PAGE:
I always liked the idea of approaching bottle feeding in a way that is similar to breastfeeding. That is, following your baby’s cues and feeding at your baby’s pace. Bottle feeding in this way helps support the breastfeeding relationship you have already established. When the pace of bottle feeding matches that of breastfeeding, your baby is less likely to develop a preference for a faster flowing bottle. Here are some suggested pacing strategies:
Feed your baby based on their cues rather than a time schedule.
- Offer the bottle when your baby demonstrates early signs of hunger: licking lips, smacking lips, making sucking sounds, opening mouth, sucking on hands/toys. For younger babies, turning their head side-to-side is often a hunger cue.
- End feeding sessions when your baby shows signs of satiety: turning head, letting go of the nipple, opening fists, pushing bottle away.
- If your baby is showing signs that she is full, you don’t need to force the extra ounce of milk just to finish a bottle.
Hold your baby upright. Usually, at least a 45* angle is recommended, as this keeps the bottle at a preferable angle and prevents milk from flowing too quickly.
Let your baby accept the nipple, rather than forcing the nipple into her mouth.One approach that generally works well for a younger baby is to tickle her cheek with the nipple and wait for her to turn and latch. For an older baby, you can try tickling her top lip and waiting for a rooting response (opening wide) before placing the bottle into her mouth.
Bottle Position: Use gravity to help baby self pace.
- Hold the bottle in a mostly horizontal position. By doing so, you are making your baby work a bit to get his milk, like he does while breastfeeding. This also allows your baby to self-pace his feed. On the other hand, if you hold the bottle in a vertical position, you might unintentionally overwhelm your baby with fast milk flow. Personally, I like to keep the bottle tipped just enough to fill the nipple tip with milk.
- Tipping the bottle up or down a small degree during a feed causes an increase or decrease in flow rate. If you want to dig deep, you could use this information to get pretty specific with your bottle feeds. For example, some caregivers try using small changes in the tilt of the bottle to mimic a natural let-down rhythm. For me, doing too much up/down with the bottle during a feed seemed disruptive of the feeding rhythm. As always, observe and follow your baby’s cues.
Mimic the natural pauses of breastfeeding. Breastfed babies don’t generally drink nonstop until they finish a feed. Instead, a breastfeeding rhythm typically has many pauses, where the baby stops to take a break, look around, flash a toothless grin, etc. When giving a bottle, you can incorporate natural pauses, but try doing so at your baby’s initiation.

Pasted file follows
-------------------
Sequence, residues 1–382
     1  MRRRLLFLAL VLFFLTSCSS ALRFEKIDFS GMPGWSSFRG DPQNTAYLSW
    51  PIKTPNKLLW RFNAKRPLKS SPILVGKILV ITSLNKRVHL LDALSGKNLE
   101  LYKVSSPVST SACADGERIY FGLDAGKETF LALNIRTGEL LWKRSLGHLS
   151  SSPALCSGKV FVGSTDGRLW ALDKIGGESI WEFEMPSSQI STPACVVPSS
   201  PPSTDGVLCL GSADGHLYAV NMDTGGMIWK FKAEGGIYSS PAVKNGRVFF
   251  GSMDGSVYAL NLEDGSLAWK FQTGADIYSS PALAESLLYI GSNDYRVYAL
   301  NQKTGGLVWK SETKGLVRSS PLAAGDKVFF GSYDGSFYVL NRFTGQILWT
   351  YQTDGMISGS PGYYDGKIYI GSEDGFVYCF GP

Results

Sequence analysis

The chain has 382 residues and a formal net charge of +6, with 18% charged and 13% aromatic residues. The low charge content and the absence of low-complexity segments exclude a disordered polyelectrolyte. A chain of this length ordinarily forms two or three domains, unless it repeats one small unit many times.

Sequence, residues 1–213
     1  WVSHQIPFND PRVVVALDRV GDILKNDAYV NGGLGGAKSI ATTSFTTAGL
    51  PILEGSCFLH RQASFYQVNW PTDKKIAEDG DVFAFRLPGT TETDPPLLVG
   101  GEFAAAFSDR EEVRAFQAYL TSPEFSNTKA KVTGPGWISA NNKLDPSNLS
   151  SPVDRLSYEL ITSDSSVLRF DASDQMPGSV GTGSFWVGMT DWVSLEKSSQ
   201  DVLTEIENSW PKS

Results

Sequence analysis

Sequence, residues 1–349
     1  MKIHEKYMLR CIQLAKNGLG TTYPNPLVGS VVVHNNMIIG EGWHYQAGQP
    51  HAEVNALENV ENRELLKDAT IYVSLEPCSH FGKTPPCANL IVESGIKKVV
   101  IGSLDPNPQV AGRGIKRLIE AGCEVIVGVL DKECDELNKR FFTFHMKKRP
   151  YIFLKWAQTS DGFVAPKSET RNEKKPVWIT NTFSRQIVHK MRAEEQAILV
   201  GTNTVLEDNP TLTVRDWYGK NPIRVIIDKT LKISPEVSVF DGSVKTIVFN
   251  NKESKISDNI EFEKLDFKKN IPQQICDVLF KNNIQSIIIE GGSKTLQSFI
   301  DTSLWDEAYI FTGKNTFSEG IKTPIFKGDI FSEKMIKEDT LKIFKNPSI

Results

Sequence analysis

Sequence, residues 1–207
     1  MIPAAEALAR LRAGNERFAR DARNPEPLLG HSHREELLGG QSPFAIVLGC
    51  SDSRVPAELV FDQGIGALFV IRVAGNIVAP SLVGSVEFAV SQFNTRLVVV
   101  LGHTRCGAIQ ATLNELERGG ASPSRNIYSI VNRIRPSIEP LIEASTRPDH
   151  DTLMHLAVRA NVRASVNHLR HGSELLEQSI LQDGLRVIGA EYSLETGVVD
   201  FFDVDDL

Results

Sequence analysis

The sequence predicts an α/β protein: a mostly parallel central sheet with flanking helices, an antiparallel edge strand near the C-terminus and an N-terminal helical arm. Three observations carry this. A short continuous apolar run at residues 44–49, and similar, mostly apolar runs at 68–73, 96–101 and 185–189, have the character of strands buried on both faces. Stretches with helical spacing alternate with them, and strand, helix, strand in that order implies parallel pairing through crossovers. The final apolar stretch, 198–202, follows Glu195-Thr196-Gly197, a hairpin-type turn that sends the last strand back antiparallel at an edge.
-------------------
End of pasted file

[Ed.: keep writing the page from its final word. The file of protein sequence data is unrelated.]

- When breastfeeding, sometimes a baby takes a break from sucking, but doesn’t come off the breast. If your baby naturally stops sucking during a bottle feed, try tipping the bottle down to stop the milk flow, without removing the nipple from baby’s mouth. Simply wait for the baby to start sucking again before tipping the bottle back up to reintroduce the milk supply.
- Other times in breastfeeding, the baby takes a break by pulling himself off the breast. If your baby naturally takes himself off the bottle during a feed, respect his desire to rest and take the opportunity to shift position, exchange smiles, have a little chat/coo interaction, etc.
Switching sides (caregiver holding baby in left or right arm) when bottle feeding supports breastfeeding and may reduce the risk of baby starting to prefer one breast over the other.
Nipple flow rate.
When offering your baby’s first bottle, you typically want to choose a slow-flow nipple. Different bottles label nipple flow rates in different ways. And, to further complicate things, the same flow rating doesn’t necessarily mean the same thing from one bottle to the next. Look for one of the following: preemie flow, extra-slow flow, slow-flow, 0+m, 1+m, or size/level/stage 1.
To me, it makes sense to avoid the level/stage 2 nipples or 3+m nipples until your baby is an established bottle-feeder. Babies suck differently from a bottle than a breast, and it can take some time before they figure the bottle out. You don’t want to flood your baby while they are learning.
Some babies progress through nipple flow rates as advertised (requiring a faster nipple about every 3 months). Not all babies follow this progression, however, and your baby may move through flow rates at a faster or slower pace. My baby, for instance, preferred a level 1 (0+m) nipple until she was over 6 months old. Watch your baby’s signs to know when to adjust the flow rate.
The signs of distress listed above may indicate that the flow rate is too fast.
On the other hand, these are signs that the flow may be too slow:
- Sucking more than 2 times before swallowing
- Pulling off the nipple after sucking a few times
- Sucking hard
- Biting/tugging on the nipple
- Appearing bored or angry/frustrated
- Taking >30 minutes per feed
- Showing hunger signs shortly after an unfinished bottle feed
- Not meeting weight gain expectations.
If you have tried multiple nipple flow rates for a particular bottle type, and the bottle feedings are not successful, observe your baby’s latch. You may need to consider a different shaped nipple. (see “choosing a bottle” section above)
Resources & Additional Information:
The importance of flow rate in infant feeding, by Allyson Goodwyn-Craine
Bottle feed a breastfed baby, by Philippa Pearson-Glaze, IBCLC
Baby-led Bottle Feeding, by Fleur Bickford BSc, RN, IBCLC
Bottle Feeding Breastfed Babies, by Tanya Lieberman, IBCLC, with Amy Peterson, IBCLC
Breast and Bottle Feeding Blog, by Amy Peterson, IBCLC
When to switch Nipple Flow & Size And How To Do It, by KidSimplified
Paced Bottle Feeding Video, by Jessica Barton
When Do Babies Start Holding Their Own Bottle? Reviewed by Michelle Roth, BA, IBCLC
Featured image background photo by rawpixel.com